One of the best 9-inning games in the database. Still not quite as good as...

1. 1950 - NL 4, AL 3 (14). The NL took an early lead in the second when Jackie Robinson singled, Enos Slaughter tripled him in, and then came in himself on a sac fly. The AL pulled within one in the third when George Kell's flyout brought All-Star Cass Michaels home, then took the lead in the fifth on Kell's second sac fly of the day and an RBI single by Ted Williams. The score stayed 3-2 until the ninth, which was led off with a game-tying homer by Ralph Kiner.

Kiner doubled in the eleventh, and the NL loaded the bases behind him but failed to score. They did not fail to score in the fourteenth, which was led off with a homer by Red Schoendienst; this is slightly more unexpected than Kiner hitting one. Joe DiMaggio ended things by hitting into a double play in the bottom of the inning.

Looking at the games overall, when you cut through the fanfare and hoopla and whatnot, the All-Star game is... still pretty terrific. 7 of the 84 games to date have a cumulative WPA (or what I'm tentatively calling WPL, standing for Win Path Length) of at least 5; that's about a 95th percentile game in the larger sample, so there have been almost twice as many really excellent games as you'd expect. 33 of the games, about 40%, score at least 3; this is also more than you'd expect (a 3 is almost exactly the top 1/3 of games). 25 of the games would fall into roughly the bottom third (2.1 or less, approximately); this is fewer than you'd expect.

The game isn't always awesome; just look at this year's. But it's usually pretty good even before you account for the fact that it's the freaking All-Star game, which should not be forgotten even when it's otherwise a dud.
   11. Eric J can SABER all he wants to Posted: July 14, 2012 at 07:25 PM (#4182580)
Game of the day (last year): None. But there will be games tomorrow of last year, which is how the All-Star break is supposed to work. (Aren't there at least rainout makeups that could have been played Thursday or something? Obviously there wouldn't have been any scheduling conflicts...)

Game of the day (yesterday): White Sox 9, Royals 8 (14).

Well, then. Baseball, if this game is your apology for the extra-strength All-Star break, I accept.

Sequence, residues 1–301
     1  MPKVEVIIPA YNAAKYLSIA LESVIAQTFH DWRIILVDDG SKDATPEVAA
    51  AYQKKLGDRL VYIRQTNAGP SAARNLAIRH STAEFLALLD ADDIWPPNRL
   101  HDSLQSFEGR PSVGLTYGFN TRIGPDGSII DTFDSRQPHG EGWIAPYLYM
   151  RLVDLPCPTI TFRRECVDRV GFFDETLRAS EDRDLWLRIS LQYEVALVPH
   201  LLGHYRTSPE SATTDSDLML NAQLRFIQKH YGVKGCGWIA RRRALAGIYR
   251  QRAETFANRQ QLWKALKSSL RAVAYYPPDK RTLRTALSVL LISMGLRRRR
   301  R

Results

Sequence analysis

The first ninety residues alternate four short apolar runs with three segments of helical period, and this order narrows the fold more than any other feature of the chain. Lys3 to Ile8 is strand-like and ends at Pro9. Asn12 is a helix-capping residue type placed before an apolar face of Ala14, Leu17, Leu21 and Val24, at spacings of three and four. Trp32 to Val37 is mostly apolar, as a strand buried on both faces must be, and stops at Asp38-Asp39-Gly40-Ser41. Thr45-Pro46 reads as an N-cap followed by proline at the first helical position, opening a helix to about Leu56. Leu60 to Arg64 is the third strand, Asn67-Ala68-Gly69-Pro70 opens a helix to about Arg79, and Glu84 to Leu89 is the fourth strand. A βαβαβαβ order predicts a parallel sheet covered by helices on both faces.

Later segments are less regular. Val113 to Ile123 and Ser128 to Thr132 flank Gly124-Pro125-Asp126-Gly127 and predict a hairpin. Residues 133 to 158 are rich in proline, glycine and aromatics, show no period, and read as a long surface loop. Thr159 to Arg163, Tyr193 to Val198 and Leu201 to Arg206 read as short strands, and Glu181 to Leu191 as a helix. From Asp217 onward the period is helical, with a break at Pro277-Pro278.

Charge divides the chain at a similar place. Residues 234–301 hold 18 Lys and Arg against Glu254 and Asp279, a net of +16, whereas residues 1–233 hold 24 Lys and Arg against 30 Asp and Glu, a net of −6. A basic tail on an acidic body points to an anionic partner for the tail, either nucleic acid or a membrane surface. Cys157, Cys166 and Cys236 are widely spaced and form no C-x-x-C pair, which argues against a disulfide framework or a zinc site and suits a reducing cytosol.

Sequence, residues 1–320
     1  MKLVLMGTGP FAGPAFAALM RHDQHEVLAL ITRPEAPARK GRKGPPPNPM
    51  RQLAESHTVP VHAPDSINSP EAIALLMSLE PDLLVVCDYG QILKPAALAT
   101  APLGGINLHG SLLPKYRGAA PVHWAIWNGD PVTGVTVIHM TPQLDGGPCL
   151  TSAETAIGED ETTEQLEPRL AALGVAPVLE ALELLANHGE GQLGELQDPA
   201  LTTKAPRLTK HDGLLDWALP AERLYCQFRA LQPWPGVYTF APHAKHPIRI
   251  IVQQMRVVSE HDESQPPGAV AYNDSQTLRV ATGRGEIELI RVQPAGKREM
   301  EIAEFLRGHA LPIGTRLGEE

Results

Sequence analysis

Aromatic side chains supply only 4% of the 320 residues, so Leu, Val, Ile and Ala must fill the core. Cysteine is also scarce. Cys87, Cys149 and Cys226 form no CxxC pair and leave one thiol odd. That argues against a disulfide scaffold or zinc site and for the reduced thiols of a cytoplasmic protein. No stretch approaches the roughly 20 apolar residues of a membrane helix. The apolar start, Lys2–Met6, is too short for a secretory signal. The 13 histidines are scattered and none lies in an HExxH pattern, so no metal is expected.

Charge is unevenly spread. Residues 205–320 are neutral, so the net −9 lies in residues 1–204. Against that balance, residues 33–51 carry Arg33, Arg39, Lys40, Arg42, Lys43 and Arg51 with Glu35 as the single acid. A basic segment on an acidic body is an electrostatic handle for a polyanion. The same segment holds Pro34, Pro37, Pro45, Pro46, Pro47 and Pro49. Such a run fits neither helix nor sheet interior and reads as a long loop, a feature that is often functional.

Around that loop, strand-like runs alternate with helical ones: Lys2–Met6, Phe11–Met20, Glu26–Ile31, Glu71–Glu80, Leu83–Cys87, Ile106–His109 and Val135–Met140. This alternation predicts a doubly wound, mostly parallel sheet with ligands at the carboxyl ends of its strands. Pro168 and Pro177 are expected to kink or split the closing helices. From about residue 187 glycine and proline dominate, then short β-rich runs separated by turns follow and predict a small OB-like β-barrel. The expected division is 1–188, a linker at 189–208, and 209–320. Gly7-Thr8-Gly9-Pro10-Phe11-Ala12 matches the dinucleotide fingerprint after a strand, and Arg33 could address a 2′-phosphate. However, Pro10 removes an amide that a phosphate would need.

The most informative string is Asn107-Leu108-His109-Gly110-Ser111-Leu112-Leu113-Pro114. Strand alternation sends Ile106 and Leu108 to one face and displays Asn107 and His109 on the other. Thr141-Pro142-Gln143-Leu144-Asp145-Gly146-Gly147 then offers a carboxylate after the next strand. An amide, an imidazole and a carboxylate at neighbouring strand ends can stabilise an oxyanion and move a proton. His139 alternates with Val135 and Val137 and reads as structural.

The game did not start especially well for the Royals. Bruce Chen struck out the leadoff man in the top of the first, but then walked Kevin Youkilis and gave up a 2-run homer to Adam Dunn. Paul Konerko fanned, but Alex Rios capped off the festival of true outcomes with a homer of his own. After singles by AJ Pierzynski and Dayan Viciedo, Chen finally recorded the third out. Already down 3-0, the Royals put Alcides Escobar on base with a walk and moved him to third on a wild pitch and a groundout, but he stayed there as Billy Butler struck out to end the inning. The Sox drew a pair of walks to lead off the second, but Youkilis, who you'd figure would readily join that particular variety of parade, hit into a double play, and Dunn struck out.

Things looked up a bit for KC in the second. Jose Quintana retired Yuniesky Betancourt to start the inning, but Mike Moustakas followed that with a solo homer. (Why Moustakas is hitting behind Betancourt, I'm not at all sure.) After the second out, Salvador Perez doubled, then scored on a single by Lorenzo Cain. Cain moved to second on a wild pitch, and came home with the tying run on a hit by Alex Gordon.

Chen and Quintana stemmed the tide for all of an inning and a half, but the Royals put another crooked number up in the bottom of the fourth. Jeff Francoeur started the festivities with a one-out solo homer; after the second out, Cain walked, Gordon singled him to third, and Escobar brought the runner home with a bunt single to third, which is pretty nice. Handed his first lead of the game, Chen quickly coughed it back up. Dunn led off the inning with a single, and while the teams were busy contacting Ripley's, Konerko and Rios recorded outs. Pierzynski singled, moving Dunn to second, and Viciedo homered, moving both runners all the way around and giving Chicago the lead once more. Kelvin Herrera relieved Chen; he gave up a double to Alexei Ramirez but no further runs.

Butler walked and Francoeur singled in the Kansas City fifth, but Quintana stranded the pair of runners. Jose Mijares and Aaron Crow combined on a scoreless sixth for the Royals. Brian Omigrosso worked a perfect sixth, and Crow did the same in the seventh. Matt Thornton gave up back-to-back one-out singles to Butler and Betancourt, but Moustakas lined into an inning-ending double play.